Involvement with the local Farnham pottery, came in the 1890s at the suggestion of W. Herbert Allen. The owner, Absalom Harris, had founded the pottery in 1872 at Wrecclesham, and around the 1880s started the production of Farnham Greenware. Allen commissioned a number of 'pottery shapes' for his students to draw. Later he provided Absalom with new designs for pots from the late 19th-century until 1943. These were mainly inspired by 16th-century Greenware in the Victoria and Albert Museum in London, which Allen believed to have been originally manufactured in Farnham. He also designed in the fashionable 'Art Pottery' style including 'Rustic Fern Pots'.
Farnham Greenware was first exhibited at the school of art on 2 December 1890. George Sturt noted in his journal that Absalom Harris, 'beaming as usual, ...had some nice pottery on show'. Business boomed and large quantities of pots were supplied to Heal's, Liberty's and others. Close cooperation developed between the Farnham Pottery and the school. Allen ran Art classes for the potters, and his students spent time at the Pottery decorating the pots which they had designed.
One of these students was Ada Kate Hazell, daughter of the wealthy local maltster, Charles Hazell, who lived in Castle Street. She led the production of
sgraffito pottery which were mainly sold at Heals and Liberty. Ellen Elizabeth Daysh, the Chawton potter was at the school in the 1920s, and she produced sgraffito in geometric and historical styles, such as Hispano-Moresque. Agnes Hall was the Assistant art mistress at the school around the same period. She also worked in sgraffito, but in contemporary Art Deco style.
In 1898 Surrey County Council's education committee took over the administration of the school.
The School of Art's extension was opened in June 1915, with two storeys and Neo-Georgian in design, later to be known as Victoria House. Brick, parapeted, with an abundance of sash windows on both floors, its entrance is in Victoria Road. The extension was the work of the County Architect to Harold Falkner's design
The Principal, Otway McCannell, was appointed in 1928, and he remained there for the duration of the war. He was a well-known figure and landscape painter of some renown who frequently exhibited at the Royal Academy and other European centres. He was an Edwardian rebel, opposing Victorian ideals and his paintings were often explicitly political. He was an excellent teacher, and although the School of Art was small when he arrived, his passion and commitment soon gave it an impressive reputation. His daughter, Ursula, was also a talented artist, and was taught by her father at Farnham from 1939. She was only thirteen years old when she first exhibited her paintings in London at the Wertheim Gallery and had her first major exhibition at the Redfern Gallery when she was sixteen.
The art school moved to 25 West Street in 1939, into premises recently vacated by Farnham Girls' Grammar School (Victoria House being taken over by Farnham UDC's housing and treasurer departments). It was still a small school, with only a few part-time members of staff teaching drawing, painting, sculpture, graphic design, and ceramics. However it was remarkably successful, with its students regularly winning places at larger, prestigious colleges. Some students won The Prix de Rome (Geoffrey Burnand in 1932) and The Abbey Scholarship.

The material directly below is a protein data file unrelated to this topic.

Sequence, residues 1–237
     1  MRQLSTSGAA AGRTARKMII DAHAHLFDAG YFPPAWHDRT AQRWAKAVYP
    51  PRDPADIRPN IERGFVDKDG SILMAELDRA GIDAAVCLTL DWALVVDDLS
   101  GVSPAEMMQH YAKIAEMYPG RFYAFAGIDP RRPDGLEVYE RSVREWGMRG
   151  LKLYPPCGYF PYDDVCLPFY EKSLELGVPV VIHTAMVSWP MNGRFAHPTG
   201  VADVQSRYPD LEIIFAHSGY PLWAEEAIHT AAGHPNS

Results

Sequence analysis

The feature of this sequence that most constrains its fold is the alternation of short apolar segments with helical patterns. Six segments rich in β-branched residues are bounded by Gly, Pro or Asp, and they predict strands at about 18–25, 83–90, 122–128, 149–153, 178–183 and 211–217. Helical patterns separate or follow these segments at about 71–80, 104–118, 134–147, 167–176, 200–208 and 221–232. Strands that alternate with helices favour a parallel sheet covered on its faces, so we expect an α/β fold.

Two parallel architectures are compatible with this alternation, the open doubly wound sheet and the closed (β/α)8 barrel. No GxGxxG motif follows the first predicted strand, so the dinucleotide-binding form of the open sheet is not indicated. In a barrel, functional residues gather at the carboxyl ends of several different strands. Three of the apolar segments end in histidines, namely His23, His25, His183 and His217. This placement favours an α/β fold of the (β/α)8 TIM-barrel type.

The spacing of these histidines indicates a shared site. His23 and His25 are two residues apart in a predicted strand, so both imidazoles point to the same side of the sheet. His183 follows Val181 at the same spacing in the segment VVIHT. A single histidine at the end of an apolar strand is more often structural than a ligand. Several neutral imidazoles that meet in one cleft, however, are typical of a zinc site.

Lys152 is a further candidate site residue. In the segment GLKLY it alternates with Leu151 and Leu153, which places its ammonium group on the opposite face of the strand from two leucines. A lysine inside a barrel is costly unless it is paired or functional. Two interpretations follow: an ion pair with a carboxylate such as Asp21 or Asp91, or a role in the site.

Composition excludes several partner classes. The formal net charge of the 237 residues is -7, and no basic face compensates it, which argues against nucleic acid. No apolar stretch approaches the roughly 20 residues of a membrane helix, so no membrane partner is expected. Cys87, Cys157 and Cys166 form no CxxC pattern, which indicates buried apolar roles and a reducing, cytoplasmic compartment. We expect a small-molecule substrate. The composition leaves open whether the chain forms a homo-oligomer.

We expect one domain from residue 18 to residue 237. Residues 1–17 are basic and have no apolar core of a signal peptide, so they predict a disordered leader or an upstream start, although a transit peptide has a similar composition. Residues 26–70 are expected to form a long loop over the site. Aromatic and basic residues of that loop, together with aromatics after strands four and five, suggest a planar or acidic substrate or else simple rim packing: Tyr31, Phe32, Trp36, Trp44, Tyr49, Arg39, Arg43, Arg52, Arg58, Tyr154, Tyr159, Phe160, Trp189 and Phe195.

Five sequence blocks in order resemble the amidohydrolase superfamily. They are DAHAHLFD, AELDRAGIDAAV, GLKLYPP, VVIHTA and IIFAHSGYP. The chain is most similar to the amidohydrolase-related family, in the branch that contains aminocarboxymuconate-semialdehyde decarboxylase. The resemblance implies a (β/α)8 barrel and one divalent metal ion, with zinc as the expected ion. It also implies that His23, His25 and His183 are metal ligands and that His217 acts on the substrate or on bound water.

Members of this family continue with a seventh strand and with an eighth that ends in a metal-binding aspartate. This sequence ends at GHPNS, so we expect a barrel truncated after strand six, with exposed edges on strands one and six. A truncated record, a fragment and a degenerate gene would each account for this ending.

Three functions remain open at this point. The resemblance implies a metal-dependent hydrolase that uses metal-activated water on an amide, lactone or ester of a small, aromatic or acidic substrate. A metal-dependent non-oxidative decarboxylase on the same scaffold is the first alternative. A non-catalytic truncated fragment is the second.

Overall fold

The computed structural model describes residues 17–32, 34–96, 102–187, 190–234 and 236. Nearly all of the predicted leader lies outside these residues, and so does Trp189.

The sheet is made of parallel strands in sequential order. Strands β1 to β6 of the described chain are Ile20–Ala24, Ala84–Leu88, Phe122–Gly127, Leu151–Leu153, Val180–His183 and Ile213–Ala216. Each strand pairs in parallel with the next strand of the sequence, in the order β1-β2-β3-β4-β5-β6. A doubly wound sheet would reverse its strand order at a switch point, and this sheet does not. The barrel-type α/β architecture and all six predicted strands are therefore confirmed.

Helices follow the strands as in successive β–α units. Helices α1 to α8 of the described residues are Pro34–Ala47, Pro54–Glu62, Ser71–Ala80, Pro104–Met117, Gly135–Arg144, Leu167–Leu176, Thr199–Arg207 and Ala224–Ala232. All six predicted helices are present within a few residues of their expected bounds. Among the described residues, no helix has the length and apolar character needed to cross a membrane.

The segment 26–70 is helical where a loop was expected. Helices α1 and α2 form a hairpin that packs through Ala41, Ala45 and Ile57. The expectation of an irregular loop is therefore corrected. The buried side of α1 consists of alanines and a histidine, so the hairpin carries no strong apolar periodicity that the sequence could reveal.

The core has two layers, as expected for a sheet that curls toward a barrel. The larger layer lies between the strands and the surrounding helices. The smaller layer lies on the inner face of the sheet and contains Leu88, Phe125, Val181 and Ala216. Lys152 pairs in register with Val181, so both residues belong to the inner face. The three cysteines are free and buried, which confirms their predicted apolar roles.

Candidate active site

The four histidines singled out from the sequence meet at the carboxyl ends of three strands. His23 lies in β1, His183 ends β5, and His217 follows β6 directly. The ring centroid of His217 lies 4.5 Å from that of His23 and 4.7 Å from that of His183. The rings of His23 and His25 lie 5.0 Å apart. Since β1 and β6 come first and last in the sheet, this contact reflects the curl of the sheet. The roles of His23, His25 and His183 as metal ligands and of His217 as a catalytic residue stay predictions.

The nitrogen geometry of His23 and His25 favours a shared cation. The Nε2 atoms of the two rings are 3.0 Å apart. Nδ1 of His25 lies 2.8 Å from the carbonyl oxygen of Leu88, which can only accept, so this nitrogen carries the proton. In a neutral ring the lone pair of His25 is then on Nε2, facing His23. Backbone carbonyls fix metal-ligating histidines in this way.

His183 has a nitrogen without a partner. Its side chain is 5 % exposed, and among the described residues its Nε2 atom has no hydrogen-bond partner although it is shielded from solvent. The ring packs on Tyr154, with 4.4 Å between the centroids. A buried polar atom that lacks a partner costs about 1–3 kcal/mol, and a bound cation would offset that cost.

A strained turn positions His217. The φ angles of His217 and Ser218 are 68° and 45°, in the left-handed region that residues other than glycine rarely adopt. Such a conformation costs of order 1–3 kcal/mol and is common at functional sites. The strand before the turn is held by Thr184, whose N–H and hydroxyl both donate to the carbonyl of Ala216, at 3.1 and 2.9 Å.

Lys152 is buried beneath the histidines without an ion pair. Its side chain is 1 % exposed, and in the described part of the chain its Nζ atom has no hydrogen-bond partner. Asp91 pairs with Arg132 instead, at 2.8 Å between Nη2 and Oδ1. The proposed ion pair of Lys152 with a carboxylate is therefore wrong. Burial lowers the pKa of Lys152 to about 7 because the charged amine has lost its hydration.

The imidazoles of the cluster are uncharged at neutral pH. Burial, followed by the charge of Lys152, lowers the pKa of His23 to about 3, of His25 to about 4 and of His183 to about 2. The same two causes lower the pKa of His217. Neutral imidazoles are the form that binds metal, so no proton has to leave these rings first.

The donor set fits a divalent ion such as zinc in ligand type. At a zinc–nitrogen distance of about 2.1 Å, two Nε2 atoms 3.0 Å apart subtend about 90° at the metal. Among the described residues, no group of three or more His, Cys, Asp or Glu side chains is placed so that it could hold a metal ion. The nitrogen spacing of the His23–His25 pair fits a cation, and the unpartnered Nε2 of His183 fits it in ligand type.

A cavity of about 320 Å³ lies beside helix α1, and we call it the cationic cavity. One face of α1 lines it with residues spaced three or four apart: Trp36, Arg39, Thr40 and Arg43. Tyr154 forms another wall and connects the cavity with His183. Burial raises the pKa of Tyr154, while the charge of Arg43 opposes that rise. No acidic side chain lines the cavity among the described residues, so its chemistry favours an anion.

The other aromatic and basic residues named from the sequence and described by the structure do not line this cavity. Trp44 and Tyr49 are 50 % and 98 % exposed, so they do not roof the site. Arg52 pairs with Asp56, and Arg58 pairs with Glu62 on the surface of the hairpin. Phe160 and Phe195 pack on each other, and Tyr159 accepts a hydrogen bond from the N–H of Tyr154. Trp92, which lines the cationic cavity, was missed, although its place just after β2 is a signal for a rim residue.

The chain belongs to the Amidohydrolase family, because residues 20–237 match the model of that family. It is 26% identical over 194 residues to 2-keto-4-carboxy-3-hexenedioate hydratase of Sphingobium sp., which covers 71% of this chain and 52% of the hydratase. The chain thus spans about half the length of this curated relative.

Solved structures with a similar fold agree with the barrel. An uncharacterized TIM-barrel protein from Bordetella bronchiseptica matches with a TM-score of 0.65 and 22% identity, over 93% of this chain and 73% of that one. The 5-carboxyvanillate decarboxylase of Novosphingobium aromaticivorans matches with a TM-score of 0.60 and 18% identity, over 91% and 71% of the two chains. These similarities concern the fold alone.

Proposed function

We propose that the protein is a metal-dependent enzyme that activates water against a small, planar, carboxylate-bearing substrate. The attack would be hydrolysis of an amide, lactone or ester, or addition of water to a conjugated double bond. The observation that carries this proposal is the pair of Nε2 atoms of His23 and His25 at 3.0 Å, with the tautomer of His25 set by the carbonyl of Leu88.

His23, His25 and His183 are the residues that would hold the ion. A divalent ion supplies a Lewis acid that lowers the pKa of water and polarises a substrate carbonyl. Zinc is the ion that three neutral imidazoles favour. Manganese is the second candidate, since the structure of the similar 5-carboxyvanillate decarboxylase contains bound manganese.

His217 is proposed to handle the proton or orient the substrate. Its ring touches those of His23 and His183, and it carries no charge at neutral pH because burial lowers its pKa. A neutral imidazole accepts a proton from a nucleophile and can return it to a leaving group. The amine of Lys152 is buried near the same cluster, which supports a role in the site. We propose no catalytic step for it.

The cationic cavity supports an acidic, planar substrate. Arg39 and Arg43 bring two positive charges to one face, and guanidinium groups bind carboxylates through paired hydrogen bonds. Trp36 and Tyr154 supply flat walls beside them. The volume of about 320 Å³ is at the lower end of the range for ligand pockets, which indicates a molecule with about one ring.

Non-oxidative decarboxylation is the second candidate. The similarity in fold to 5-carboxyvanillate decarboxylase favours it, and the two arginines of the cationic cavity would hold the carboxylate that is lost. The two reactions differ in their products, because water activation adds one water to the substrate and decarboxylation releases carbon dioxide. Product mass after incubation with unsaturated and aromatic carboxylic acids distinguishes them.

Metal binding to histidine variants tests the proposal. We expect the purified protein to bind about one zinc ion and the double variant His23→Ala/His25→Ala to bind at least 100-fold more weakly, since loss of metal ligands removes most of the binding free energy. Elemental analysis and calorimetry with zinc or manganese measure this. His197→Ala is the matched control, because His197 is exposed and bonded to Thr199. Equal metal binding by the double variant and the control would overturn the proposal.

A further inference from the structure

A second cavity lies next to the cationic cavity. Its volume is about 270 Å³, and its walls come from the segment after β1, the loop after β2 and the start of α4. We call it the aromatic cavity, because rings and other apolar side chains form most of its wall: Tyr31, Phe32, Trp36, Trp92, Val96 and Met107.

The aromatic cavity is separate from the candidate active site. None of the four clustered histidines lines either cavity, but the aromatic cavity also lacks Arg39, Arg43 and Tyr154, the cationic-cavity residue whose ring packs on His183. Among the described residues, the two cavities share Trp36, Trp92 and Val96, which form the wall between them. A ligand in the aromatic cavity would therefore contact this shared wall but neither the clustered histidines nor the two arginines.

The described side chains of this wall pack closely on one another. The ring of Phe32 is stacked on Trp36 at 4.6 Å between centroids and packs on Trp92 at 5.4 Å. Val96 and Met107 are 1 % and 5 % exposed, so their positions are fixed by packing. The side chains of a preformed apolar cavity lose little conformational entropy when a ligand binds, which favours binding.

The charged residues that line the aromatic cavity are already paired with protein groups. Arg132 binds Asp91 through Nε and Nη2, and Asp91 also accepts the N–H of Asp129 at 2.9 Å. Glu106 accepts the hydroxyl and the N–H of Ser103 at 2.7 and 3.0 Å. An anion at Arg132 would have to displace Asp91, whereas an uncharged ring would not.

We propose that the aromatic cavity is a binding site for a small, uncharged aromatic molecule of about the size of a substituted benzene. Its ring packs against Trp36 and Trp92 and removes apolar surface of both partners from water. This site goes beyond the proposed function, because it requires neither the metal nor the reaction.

Otway McCannell retired in about 1948 leaving a growing and widely respected art school.
In 1945 artist and engraver, James Hockey, who arrived at West Street after having taught at Kingston and Wimbledon art schools, became Principal. Hockey was an enlightened fine art painter and craftsman. Farnham acquired a cultural buzz. It had a good repertory theatre and later a concert hall. Tony Crowe, a lecturer in Hockey's later period said wryly, that Farnham had become Aldershot's Latin Quarter. Its artists and writer like Robin Ball, Charles Bone, John Verney, Arthur Hackney, Joe Atchersen, Henry Hammond and Harold Cheesman were all good friends and supported each other in finding opportunities to show their work. He gathered an unusually able group of artists and craftsmen as tutors in his school. Ella McLeod became Head of Textiles in 1949. She had been a student of Elizabeth Peacock, and Miss Peacock a student of Ethel Mairet. Joan Nicholson taught embroidery part-time as well as designing embroidery for prestigious commissions such as The Festival of Britain and the wall hangings of the Queen Mother's bedroom on the Royal Yacht Britannia. The work for the latter was carried out by the Royal School of Needlework.
Throughout the 1960s and 1970s the school formed a strong association with the Ashgate Gallery [see digitised paragraph on this]
In the 1960s the National Council for Art and Design introduced the first courses leading to the award of a Diploma in Art and Design (a degree equivalent qualification)
At the end of 1968 the first moves to merge the two art schools at Farnham and Guildford were underway and the West Surrey College of Art and Design was born within 1969-1970
Contact Rebekah Taylor, Archivist and Special Collections Officer, at firstname.lastname@example.org to make an appointment